I would like to write a python script that parses some vim data and returns a result. For example, we'll turn numbers, separated by lines, into a sorted list of unique numbers. If we had this as the input:

enter image description here

The python script would do:

import sys
sys.stdout.write('\n'.join([str(i) for i in (sorted(set([int(k) for k in sys.argv[-1].split()])))]))

This would expect the text from vim to be passed as an arg, so perhaps something like:

:imap <c-t> <c-r>=system('x.py <text_from_vim>')<cr>

And now vim would look like:

enter image description here

How could this be done?

  • 1
    Filter? :%! ...
    – B Layer
    May 31 '20 at 2:44
  • 1
    What it does is take a range of lines and sends them as stdin to a command and the result replaces those lines. So, for example, :%!sort will sort the entire file (if you have a sort command in your shell) since % is short hand for "the whole file".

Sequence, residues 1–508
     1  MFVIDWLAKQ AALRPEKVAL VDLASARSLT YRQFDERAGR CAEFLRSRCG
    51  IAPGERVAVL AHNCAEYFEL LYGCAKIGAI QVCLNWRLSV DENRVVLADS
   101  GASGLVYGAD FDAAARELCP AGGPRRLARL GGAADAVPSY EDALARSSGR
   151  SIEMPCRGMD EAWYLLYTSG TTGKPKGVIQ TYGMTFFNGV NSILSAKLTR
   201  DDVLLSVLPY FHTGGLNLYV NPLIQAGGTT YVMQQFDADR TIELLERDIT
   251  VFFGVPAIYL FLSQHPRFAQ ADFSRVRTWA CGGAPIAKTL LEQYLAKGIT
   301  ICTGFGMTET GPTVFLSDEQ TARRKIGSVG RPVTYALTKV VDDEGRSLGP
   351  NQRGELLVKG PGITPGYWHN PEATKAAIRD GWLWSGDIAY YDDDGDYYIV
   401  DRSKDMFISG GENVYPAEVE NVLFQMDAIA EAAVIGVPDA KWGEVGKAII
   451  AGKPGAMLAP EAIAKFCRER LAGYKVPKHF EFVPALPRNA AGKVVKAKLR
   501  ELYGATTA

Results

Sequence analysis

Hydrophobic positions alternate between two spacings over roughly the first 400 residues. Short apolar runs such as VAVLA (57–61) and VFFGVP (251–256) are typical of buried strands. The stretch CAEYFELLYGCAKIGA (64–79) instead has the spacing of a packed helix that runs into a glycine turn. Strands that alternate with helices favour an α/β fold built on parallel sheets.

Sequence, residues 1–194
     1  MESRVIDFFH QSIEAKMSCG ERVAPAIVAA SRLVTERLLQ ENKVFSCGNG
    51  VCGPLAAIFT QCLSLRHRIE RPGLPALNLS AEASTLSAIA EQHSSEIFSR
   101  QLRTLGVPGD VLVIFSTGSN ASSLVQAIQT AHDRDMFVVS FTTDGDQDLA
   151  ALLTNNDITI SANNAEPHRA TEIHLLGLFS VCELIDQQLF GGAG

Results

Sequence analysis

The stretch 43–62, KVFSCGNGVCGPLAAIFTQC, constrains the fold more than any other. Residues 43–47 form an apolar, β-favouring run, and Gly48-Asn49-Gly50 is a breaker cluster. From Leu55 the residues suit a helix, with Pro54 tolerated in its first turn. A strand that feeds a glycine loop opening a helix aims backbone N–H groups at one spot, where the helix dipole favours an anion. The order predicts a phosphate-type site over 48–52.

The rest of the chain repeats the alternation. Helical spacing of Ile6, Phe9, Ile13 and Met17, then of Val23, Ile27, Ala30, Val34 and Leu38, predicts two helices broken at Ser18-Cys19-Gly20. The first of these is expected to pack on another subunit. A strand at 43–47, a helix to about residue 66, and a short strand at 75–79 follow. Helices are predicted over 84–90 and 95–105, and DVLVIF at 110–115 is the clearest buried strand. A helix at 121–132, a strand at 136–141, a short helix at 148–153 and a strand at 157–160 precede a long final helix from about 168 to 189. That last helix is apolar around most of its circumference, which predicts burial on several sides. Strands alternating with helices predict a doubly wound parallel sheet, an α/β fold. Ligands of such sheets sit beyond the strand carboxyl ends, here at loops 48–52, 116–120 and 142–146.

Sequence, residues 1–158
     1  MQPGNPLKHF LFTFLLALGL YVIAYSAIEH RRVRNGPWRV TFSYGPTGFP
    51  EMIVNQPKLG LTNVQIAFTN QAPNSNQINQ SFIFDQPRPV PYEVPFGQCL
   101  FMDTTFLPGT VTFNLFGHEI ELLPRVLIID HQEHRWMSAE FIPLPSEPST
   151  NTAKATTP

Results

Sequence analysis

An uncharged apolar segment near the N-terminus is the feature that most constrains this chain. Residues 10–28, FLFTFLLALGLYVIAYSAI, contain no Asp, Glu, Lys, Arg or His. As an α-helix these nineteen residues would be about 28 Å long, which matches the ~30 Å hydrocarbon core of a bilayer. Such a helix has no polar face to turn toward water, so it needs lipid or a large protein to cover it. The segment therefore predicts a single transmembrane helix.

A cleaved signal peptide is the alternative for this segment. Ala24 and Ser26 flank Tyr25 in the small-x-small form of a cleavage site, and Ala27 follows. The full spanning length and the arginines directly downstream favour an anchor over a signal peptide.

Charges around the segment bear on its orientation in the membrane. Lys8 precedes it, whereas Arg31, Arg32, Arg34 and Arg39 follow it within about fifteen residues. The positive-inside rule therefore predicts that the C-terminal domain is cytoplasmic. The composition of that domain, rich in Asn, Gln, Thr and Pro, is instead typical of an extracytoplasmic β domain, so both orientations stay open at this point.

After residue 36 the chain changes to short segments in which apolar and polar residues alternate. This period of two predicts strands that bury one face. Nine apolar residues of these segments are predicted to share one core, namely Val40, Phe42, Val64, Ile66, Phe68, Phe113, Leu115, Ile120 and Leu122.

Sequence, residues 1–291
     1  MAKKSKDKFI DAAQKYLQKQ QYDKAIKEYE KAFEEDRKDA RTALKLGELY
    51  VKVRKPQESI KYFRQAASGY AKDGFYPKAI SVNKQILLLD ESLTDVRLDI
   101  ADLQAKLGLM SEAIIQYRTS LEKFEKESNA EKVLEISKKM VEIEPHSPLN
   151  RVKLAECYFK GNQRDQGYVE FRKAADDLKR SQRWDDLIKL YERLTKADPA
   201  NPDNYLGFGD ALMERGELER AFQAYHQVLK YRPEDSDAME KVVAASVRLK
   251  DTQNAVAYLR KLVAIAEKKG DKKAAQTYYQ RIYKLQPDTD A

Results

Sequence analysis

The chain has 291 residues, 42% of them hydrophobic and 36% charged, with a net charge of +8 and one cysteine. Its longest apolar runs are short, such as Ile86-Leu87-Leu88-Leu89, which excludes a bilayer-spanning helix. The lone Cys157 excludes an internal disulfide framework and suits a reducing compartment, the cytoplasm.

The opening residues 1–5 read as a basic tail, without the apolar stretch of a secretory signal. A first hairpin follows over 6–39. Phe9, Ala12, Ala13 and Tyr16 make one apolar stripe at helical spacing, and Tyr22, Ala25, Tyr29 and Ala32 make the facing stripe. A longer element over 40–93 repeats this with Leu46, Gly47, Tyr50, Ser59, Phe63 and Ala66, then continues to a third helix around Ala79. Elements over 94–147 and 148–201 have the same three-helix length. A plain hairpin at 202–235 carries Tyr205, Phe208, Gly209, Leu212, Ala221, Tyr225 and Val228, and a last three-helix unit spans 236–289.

– B Layer
    May 31 '20 at 2:50
  • 1
    That's right.. yep. (You don't need to enter the range if you hit : from Visual mode. It's prepopulated.)
    – B Layer
    May 31 '20 at 2:56
  • 2
    Great opportunity to learn how to call external filters, but :%sort | %!uniq should do it, or :%!sort | uniq if you want to use external sort (I dont think vim has a builtin :uniq but I could be wrong).
    – D. Ben Knoble
    May 31 '20 at 14:16
  • 2
    @D.BenKnoble You can pass u to :sort to remove duplicates. For this example: :4,11sort nu
    – Rich
    Jun 17 '20 at 13:29

Thanks to @BLayer for the suggestion here. Here is a 5s video of the result.

In summary, what was done is:

  • The external (or internal) script will receive the lines as input to stdin. If sending the full file, you can use :%!, and if sending a visual selection, selecting the text and entering cmd mode will automatically do this, '<,'>.
  • In the python (or any other extern script) you'd read stdin as text. In python, this is currently done by using sys.stdin.read(). So the full interaction looks like:

In vim:


In python:

import sys
input_string = sys.stdin.read()
sys.stdout.write('\n'.join([str(i) for i in sorted(set([int(k) for k in input_string.split()]))]))

Additionally, you can pass command-line args by just entering them right into vim, for example:

:'<,'>!./x.py arg1 arg2

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